Rhetorical Dimensions of Native American Documentary
Wicazo Sa Review, Fall 2001, v. 16, no. 2, pp. 55-73
Steven Leuthold discusses Native American documentary for what he believes to be its three main rhetorical goals: documentary as as a formation of arguments for social change; documentary for the creation of collective identities; and documentary to register shifts in identity based on the reality of contemporary indigenous life. Native American artists use video documentary to "rethink history". Video offers artists an alternate form of media production that resists the American hegemony.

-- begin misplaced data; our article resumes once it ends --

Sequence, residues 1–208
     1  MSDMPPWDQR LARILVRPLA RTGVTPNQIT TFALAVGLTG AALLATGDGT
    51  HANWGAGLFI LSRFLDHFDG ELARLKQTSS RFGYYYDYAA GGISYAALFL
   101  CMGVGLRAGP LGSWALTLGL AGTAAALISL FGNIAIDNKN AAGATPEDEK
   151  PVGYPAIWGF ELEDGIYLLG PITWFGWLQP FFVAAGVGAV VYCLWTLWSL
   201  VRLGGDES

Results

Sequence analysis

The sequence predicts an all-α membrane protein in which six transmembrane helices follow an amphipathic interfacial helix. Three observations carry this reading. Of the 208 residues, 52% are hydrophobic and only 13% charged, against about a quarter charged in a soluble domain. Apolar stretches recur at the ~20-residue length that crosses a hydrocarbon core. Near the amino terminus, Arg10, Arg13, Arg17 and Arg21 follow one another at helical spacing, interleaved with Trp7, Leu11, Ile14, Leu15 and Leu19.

ITEM 2001.132 – available for viewing in the Research Centre
Videos, Artworks and Artists Cited
The Place of Falling Waters – Roy Bigcrane
The Spirit of Kuna Yala – Andrew Young
Songs in Minto Life – Curt Madison
In the Heart of the Big Mountain – Sandra Sunrising Osawa
Kanatsiobareke: Place of the Clean Pot – Melanie Printup Hope
A Matter of Trust – Bill Sharpsteen
Victor Masayesva Jr.
Kabnestake: 270 Years of Resistance – Alanis Obomasawin
Lighting the Seventh Fire – Sandy Johnson Osawa
Wiping the Tears of Seven Generations